Here let me note the transformative deviation between words, images and sounds by making a link between the ancient-medieval Japan, Greece and Rome. Larva literally meant ‘ghost’ in the medieval Latin, denoting a disembodied spirit or ghost. The Greek word psyche meant both ‘soul’ and ‘pupa’ in the ancient time. It deviated into the Latin word anima, which indicates the spiritual emergence in a hollow. And from this anima, the Latin word imago, which means both image and adult insects, originates. In the ancient time of Japan, there was a sacred bell, worn by Shasrman, called Sanagi, which contained a hollow (utsu, also meaning empty) to mediate transferring of ‘what is to come’ (spirits, gods or unknown information). The world sanagi also means even today, ‘pupa’ in Japan. I found it fascinating how these words are themselves metamorphosing between images and sounds while they indicate such phenomena that prompts multi-modal transferring from one to another.
At this point of residency, I have not seen any bogong moths in real (and likely I will not see them as the timing is a little earlier than their migration season). Yet I have seen the signs of their coming in shadows of trees and in contours of mountains. I have witnessed the boundless sea of the mountains which showed an image of the crowd of moths nearing to me. They have been captured to be audio-visual materials with which I can now start working, and joining images and sounds together. I hope that something will emerge from them, like how imago would fly out quietly. I also expect that in the process of making artwork, my body would embody a life again while it will be metamorphosed into… something perhaps I cannot know at this point yet.
Speaking of my body, this morning it felt emptier than yesterday, almost like being an ecdysis. My soul floated and drifted, bit like a worried fire, looking for somewhere to land. Since all the footages and sound recordings are still digitally stored inside of the hard disk, my soul, instead, temporarily dwelled in the pieces of granite, leaves, barks and stones that I have collected since I started the residency. They are most simple fragments of natural life, which not only reminds us the beauty and the wonder of the world, but actually embodies and holds them. I thought that feeling emptied never be easy but worthwhile if it saves for the life’s metamorphosis and the art’s transformation, for embodying the world that is beautiful and wonderful.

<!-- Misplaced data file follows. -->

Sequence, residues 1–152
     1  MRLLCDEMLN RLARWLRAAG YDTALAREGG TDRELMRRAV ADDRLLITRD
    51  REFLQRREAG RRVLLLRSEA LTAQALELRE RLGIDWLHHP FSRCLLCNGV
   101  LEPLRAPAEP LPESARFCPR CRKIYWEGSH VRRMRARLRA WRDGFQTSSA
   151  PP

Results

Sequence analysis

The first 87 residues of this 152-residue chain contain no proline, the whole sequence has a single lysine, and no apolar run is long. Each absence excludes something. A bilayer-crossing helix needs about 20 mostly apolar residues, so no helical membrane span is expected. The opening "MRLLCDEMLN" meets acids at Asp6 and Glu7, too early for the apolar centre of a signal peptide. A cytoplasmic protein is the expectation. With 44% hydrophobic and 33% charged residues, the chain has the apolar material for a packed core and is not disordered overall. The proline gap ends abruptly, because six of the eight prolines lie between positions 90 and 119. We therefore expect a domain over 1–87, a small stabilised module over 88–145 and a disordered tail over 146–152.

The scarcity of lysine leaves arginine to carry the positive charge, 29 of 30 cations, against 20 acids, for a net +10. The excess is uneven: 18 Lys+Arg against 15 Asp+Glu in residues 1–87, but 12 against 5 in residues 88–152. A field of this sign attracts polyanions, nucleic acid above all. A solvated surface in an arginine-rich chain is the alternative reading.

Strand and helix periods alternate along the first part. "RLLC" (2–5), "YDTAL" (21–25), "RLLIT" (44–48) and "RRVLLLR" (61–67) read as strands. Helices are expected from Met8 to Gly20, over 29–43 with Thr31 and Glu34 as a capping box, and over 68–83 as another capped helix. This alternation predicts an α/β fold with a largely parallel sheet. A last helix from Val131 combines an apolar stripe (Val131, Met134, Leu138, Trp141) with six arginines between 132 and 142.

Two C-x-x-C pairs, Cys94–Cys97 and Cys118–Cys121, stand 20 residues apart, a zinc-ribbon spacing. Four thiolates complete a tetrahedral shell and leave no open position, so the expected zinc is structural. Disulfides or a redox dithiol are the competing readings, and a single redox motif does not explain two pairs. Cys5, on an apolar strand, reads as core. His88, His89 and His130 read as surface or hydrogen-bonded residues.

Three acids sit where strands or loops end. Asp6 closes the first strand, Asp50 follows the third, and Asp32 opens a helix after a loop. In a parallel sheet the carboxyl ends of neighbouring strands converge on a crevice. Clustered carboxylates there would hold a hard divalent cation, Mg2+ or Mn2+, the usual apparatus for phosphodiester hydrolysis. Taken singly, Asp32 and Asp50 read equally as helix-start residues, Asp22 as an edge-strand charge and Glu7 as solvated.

Soon after, I received a message from the hermit lady who wrote in recalling our walk that “how wonderful our world is when we allow nature to exist alongside us”. So I replied, “It is so true that the wonder of the world is in the nature with us.” I then pondered with thoughts: if ‘what animates the world’ would distinguish us and nature, especially in the context of this land whose original people obtain quite different and distinct words, images and sounds. I have just began to learn the indigenous culture here but I hope to be able to touch on it in my next blog entry.
For now, I shall close this entry by introducing the lyrics of the song, Path of the wind, from our favorite film, Totoro. The relics is by Hayao Miyazaki who, the director of the film, who has insistingly expressed and claimed ‘co-living’ between human and nature for the last 40 years. To me, the music carries a sense of romantic wonder, a sense of awe with spirits in nature, and a sense of care and love for others. And I would like to think that all of these sensitivities form the base of ‘human-nature’.
Path of the wind
(music: Joe Hisaishi & lyrics: Hayao Miyazaki)
The wind born in the depths of a forest
softly came skirting an elm tree
standing alone in the filed
That is the the path of the wind
The wind born in the depths of a forest
held out its invisible hand
softly skirting barley
and passed by your hair
はるかな地 旅行く風 道しるべ
The wind on a journey to the boundless land is a guide post
or a hair ornament for you walking alone.